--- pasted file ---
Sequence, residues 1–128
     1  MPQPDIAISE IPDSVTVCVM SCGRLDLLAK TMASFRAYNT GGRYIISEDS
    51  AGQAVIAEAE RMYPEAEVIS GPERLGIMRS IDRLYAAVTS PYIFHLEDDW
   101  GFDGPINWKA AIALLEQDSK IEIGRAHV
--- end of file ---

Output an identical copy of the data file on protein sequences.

Sequence, residues 1–128
     1  MPQPDIAISE IPDSVTVCVM SCGRLDLLAK TMASFRAYNT GGRYIISEDS
    51  AGQAVIAEAE RMYPEAEVIS GPERLGIMRS IDRLYAAVTS PYIFHLEDDW
   101  GFDGPINWKA AIALLEQDSK IEIGRAHV